There was a bit of a Death March back to the centre of town after that, in the blazing late afternoon HEAT, but we managed to take a look inside Toro Tapas, the new bar inside Bodegas Osborne, before collecting our bags at the Casa Huéspedes and heading to the train station.
Foolishly or otherwise, we decided to stop for a last quick COLD ONE at Bar Apolo on the way, thinking we had plenty of time. And we may have had it not been 40º and we hadn’t had luggage… we arrived at the station with about two minutes to spare and then found out the escalators were out of service (!!). One final sprint up the stairs got us onto the train and literally 30 seconds later it pulled out of the station. Phew!
I was a bit “last minute” getting things organized to attend this year’s Copa Jerez. Actually, what happened was that both my friend Tomoko @fu_yan and I had made the same mistake while registering online, so it turned out that we weren’t registered at all! Thankfully the good people at the Consejo Regulador said we could get passes for the second day of the two-day event (the first day was fully booked), and would be able to attend the forums and showroom. I got to Jerez on the first day (to save having to take a 7am train on Tuesday) and I’m so glad I did.
What happened was this! Another Jerez friend Pilar @enosherry was working as a guide/translator with the Copa Jerez international competitors and was told she’d be leaving them at the Claustros de Santo Domingo for a sold-out concert & cata, and then would pick them up afterwards to take them to the dinner venue at the end of the first day’s activities. We arranged to meet up at La Moderna across from the Claustros while the concert was on, and Tomoko and I decided to go a bit earlier to have a snack. Then while we were waiting for Pilar she sent us a message saying that there were a few empty seats at the concert and we should come over.
The “concert & cata” format has been kicking around the sherry triangle for awhile, with different sherries paired with different flamenco styles, but this night it was extra special. Josep Roca was our host along with Diego del Morao on guitar. But not just any guitar – this one was the last guitar Paco de Lucía had commissioned, but sadly never got to play as he tragically died before it was completed. I have to say it was a very moving and beautiful (and delicious!) experience. Also perfectly coordinated with a small army of waiters bringing the next sherry to us just as the next musical piece began. Well done, Consejo!
I first met fellow sherry educator (and professional venenciadora) Fabiola Bonke @spanjetotaal a couple of years ago at a casual sherry tasting held at Bodegas Faustino Gonzalez @cruzviejajerez in Jerez, which had been organized by my friend Tomoko @tomokotours. Fabiola is Dutch, but her parents are both Spanish, and she has become the most important sherry expert in Holland. Awhile back she got in touch saying she was going to be in Jerez for the Copa Jerez finals and would be staying overnight in Sevilla on the way.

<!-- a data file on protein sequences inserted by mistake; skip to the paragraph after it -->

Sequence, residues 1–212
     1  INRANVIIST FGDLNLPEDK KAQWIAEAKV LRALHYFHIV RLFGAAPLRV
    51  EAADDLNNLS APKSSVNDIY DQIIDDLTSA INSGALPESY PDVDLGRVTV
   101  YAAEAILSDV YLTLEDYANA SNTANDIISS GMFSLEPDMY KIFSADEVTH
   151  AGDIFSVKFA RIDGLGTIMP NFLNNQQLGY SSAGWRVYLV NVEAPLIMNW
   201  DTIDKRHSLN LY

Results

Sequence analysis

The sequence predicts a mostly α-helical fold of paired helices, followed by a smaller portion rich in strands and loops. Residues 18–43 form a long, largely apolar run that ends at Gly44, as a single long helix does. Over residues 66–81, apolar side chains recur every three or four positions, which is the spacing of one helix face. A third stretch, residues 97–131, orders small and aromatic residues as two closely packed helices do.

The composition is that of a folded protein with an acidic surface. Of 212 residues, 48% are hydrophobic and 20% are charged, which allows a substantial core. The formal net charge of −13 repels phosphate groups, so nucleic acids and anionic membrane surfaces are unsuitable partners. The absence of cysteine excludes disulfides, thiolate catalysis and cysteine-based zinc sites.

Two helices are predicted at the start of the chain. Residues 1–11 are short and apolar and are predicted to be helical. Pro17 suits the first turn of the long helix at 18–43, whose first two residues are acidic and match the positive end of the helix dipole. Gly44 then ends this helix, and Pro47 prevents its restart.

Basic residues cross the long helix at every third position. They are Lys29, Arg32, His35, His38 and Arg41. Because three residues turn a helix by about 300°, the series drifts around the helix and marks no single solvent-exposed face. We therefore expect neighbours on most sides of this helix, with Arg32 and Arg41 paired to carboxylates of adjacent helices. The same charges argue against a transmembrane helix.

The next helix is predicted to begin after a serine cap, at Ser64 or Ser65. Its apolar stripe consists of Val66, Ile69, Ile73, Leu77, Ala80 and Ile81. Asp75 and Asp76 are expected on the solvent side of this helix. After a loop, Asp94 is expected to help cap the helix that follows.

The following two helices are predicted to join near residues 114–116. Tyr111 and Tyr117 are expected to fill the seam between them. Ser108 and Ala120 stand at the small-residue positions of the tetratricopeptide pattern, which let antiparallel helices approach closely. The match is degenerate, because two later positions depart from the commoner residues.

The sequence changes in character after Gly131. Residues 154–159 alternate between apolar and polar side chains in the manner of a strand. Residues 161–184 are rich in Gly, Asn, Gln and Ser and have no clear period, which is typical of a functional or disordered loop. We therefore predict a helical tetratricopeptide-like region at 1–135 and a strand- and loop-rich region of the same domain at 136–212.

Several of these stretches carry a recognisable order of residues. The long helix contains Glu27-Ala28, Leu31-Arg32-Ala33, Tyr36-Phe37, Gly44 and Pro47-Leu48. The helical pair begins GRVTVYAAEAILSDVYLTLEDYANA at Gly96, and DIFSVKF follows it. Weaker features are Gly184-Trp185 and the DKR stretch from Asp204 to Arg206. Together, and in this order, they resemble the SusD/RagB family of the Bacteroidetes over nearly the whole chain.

So I recommended a couple of nice reasonably priced hotels and she chose one that is literally a stone’s throw from my house. And so just after she arrived and got settled in I picked Fabiola up for a sherry-based Tapeo Extremo. Our first stop was Las Teresas, my favourite place for both ambiance and jamón Ibérico de Bellota. They also have some excellent sherries.
After that we carried on to two more bars – Bodeguita Romero and La Cata Ciega, sampling amazing sherries and tasting delicious tapas. And all the while talking talking talking… what a lovely evening. And the good news is that we will be meeting up again in Jerez because I am also going to be at Copa Jerez. Yay!
Juan, me & William
It’s been quite a week for meeting up with people, either for the first time or after a long time. William @madguide1 fits into the second category. We first knew each other via social media as he is a Spain expert for the very famous Rick Steves global tours. Then one fine day we had time to meet up while he was in Sevilla… that was a few years ago. Then I saw on Instagram that William was back in town this week with a tour group, he promised me that FOR SURE when he was back in September that he’d make time to meet up.
Later that same day I was having lunch with my dear friend Juan Tarquini @jmtalexeew, at his fabulous Vineria San Telmo, when a guy sits down at the table next to us. Suddenly I hear… SHAWN??? Heh, it was William. He was there to meet two other mutual friends, María and José who, along with their partner Victor, run the excellent Taller Andaluz de Cocina cooking school. I mean, what are the odds? I love when stuff like this happens. 🙂
William, José & María
As everyone knows, Tío Pepe is the flagship brand of Bodegas González Byass, probably the biggest of the Jerez sherry houses. The annual Tío Pepe Challenge is a competition for bartenders to mix and present sherry based cocktails, and this year’s Grand Final, featuring eight bartenders from the Americas and Europe, was held on May 17th at GB’s bodega in Jerez.